I m using QGIS 1.8 Lisboa. After calculating the centroids from a polygon shapefile, if some of them lie outside the polygon outlines, I'd like to move them on the polygon they came from. The criterion should be univocal as I must use them to extract coordinates to be used as the identification code of the polygon itself. Therefore, the procedure should output the same point location each time it runs for the same polygon (not a random position like the one given by "random points" function, that gives a new result each times it's ran).
You could use the Shapely python library, which provides a function
representative_point() that is guaranteed to lie within the polygon.
Here's a Python script that can be run in the QGIS Python console. The polygon layer for which you want to create the attribute should be selected. The function takes the name of the attribute you want to update. The attribute has to exist in your layer already, it has to be string type, and it should be long enough (30 characters).
Here's an example of the points the algorithm found:
import shapely.wkb def setIDPoint(attributename): layer = qgis.utils.iface.activeLayer() provider = layer.dataProvider() fields = provider.fields() provider.select(provider.attributeIndexes() ) attributeID = provider.fieldNameIndex(attributename) feature = QgsFeature() layer.startEditing() while provider.nextFeature(feature): wkb = feature.geometry().asWkb() polygon = shapely.wkb.loads(wkb) reprPoint = ','.join([str(polygon.representative_point().x), str(polygon.representative_point().y)] ) feature.changeAttribute(attributeID, reprPoint) layer.updateFeature(feature) layer.commitChanges()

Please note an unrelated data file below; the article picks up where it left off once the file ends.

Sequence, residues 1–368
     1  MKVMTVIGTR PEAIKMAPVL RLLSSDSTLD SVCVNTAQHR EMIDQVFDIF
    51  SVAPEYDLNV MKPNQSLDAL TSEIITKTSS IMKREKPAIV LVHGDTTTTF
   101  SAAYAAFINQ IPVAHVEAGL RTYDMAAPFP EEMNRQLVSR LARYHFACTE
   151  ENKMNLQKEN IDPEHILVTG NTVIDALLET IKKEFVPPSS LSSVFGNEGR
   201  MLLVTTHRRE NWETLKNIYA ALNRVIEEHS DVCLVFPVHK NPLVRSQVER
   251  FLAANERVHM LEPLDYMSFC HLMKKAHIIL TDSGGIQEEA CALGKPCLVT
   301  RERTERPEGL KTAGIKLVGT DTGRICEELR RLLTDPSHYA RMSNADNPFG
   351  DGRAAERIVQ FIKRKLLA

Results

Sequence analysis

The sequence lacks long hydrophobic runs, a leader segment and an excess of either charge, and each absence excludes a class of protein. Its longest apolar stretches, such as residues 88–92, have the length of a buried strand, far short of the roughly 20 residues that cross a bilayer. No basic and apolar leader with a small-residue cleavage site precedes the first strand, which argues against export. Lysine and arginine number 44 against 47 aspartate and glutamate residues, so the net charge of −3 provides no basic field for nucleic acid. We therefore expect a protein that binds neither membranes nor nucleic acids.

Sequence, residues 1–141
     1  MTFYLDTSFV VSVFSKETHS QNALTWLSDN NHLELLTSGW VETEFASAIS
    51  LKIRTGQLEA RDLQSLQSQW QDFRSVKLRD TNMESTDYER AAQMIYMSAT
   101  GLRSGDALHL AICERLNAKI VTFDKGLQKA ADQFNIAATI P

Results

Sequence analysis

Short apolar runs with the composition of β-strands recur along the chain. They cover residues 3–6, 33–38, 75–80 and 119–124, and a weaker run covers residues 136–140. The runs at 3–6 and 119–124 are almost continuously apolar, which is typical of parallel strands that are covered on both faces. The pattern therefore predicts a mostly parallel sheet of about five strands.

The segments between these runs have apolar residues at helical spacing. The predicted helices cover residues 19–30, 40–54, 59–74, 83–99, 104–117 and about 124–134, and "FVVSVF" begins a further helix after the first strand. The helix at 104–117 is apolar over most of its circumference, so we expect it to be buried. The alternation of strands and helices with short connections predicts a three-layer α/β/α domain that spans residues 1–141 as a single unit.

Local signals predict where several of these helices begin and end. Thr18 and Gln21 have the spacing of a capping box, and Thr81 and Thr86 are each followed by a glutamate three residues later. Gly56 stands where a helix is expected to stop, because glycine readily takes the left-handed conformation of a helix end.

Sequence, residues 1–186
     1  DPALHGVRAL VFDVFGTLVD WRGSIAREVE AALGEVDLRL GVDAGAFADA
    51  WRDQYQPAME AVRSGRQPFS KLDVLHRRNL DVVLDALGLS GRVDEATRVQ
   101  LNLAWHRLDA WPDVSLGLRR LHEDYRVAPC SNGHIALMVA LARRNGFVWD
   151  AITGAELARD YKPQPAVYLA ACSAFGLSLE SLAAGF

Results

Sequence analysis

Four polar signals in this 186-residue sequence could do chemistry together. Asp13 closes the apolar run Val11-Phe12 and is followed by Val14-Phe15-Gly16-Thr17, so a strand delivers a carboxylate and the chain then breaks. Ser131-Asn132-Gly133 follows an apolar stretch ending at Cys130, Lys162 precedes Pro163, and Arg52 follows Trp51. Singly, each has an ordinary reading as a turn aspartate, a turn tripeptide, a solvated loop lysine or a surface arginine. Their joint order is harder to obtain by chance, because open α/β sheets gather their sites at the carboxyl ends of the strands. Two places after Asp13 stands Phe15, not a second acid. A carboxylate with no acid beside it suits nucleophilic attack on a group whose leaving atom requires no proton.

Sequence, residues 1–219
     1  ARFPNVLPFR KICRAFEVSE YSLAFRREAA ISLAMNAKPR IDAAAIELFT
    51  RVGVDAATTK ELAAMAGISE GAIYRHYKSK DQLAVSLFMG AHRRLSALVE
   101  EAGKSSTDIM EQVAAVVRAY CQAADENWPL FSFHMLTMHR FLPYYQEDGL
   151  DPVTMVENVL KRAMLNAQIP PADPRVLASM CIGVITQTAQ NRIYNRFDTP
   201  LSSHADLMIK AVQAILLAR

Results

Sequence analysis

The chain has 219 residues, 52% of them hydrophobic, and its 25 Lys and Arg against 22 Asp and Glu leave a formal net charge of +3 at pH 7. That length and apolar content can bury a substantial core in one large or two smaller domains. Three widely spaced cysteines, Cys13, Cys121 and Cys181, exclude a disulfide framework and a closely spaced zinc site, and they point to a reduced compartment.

The ftools centroid tool can place the centroid outside the polygon if it is concave.
ST_PointOnSurface will definitely do what you want. You can use the command from inside QGIS if you have installed by using SPIT to get your shapefile into PostGIS and then use the PgQuery plugin to run the query.
Alternatively, if installing PostGIS is a bit much for a one-off use, you could use Spatialite from within QGIS. You can then use the QSpatiaLite plugin to import your data to SpatiaLite and run the query (SpatialLite honours
realcentroids plugin, available to install through Plugins > Manage and Install Plugins worked for me in QGIS 2.2 to generate centroid-like points, forced inside each polygon if concave (the point will lie very close to the edge). I tried the Random points tool as suggested by Kurt, and although I specified 1 point per polygon, it generates two instead. An added disadvantage is that in most cases, the points don't represent the centroid as they are random.